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Do People Really Care More About Dogs' Than Kids' Happiness?

Does a report comparing patterns of caring conflate correlation with causation?

Key points

  • A report showed more Google searches from people asking about their pet's happiness than about that of their child.
  • The larger number of searches for "is my dog happy?" than for "is my kid happy?" could mean people are actually looking for more information.
  • Perhaps there were more searches about dogs and cats simply because people know less about them than they do about their kids.
 Yan Krukov/Pexels
Source: Yan Krukov/Pexels

My email inbox has been ringing off the hook since a report called "Pets Are the New Kids, According to Google Search Trends" was recently posted. Part of the report's summary reads, "We analyzed Google searches and concluded that people care more about their pet's happiness than their kid's. [my emphasis] Based on Google trends, compared to the percentage of people who searched the term 'is my kid happy', the search volume for 'is my dog happy' is 451.16% higher. Simultaneously four times more people are searching for 'is my cat happy' than googling for their kids’ happiness."

Putting aside quibbles about what the word "happy" means, a point raised by no fewer than 12 people, there also are some other possible problems. The general tone of the vast majority of emails and other queries centered on the question, "Does the number of Google searches really equate with caring?"

A Pilot Study on Caring About Dogs' or Kids' Happiness

I also feel uneasy about the equation "number of searches = depth of caring," so I asked 85 people—some I knew and some I didn't, including eight who were visiting Boulder—"Do you care more about a pet's happiness than a kid's?" and, if they didn't have their own canine or feline companion or children, I asked, "Would you care more about a companion animal's happiness than a youngster's happiness?" Everyone was more than happy to answer one or the other question, and many asked why I was asking them. I focused more on dogs than on cats because very few of the people lived with cats, so I can't say more about these amazing beings.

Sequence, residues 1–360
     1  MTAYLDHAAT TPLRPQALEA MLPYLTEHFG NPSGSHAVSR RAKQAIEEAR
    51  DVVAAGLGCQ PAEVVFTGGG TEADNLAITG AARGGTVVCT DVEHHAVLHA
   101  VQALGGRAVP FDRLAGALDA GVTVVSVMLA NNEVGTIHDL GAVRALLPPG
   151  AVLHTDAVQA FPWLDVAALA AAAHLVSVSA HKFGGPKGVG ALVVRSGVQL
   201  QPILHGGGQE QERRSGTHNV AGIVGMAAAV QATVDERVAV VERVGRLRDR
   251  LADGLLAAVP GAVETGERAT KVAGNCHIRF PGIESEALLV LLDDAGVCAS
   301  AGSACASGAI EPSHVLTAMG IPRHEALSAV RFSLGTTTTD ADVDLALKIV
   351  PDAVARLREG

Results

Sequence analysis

Controlling as well as I could for variables including age, gender, socioeconomic status, marital/relationship status, whether people were or are active in animal protection movements, meal plan—carnivorous, omnivorous, vegetarian, vegan—and whether the people actually live with a dog and with or without kids, there were no differences among their responses, namely that they didn't care more about a dog's happiness than that of their children or that of other youngsters.1

Some hemmed and hawed and joked, but when I pushed them about who they would actually help to become happier if they had to make this decision, they chose the human. Frankly, I wasn't all that surprised.2

Some of the comments I received reflect these feelings and touch on a number of issues in which academics who study human–animal relationships (anthrozoologists) are keenly interested. These include the following:

  • I always would have more concern for any human's happiness than any nonhuman's.
  • I'd like to believe that I'd be more interested in a dog's happiness than that of some human's happiness, but in the end I still think I'd go with the human.
  • Well, that's a very difficult question for me to answer, but in some instances I'd care more for the animals but, if push came to shove, I'd intervene on behalf of the humans.
  • What a dumb question; I know it sounds like I'm a speciesist, but when all is said and done, I'd have to go with the human, and I volunteer for some animal protection groups. I suppose I'd call myself a "practical speciesist," and I suppose some people would think I'm a hypocrite, but that's how I'd put my caring into practice in the end.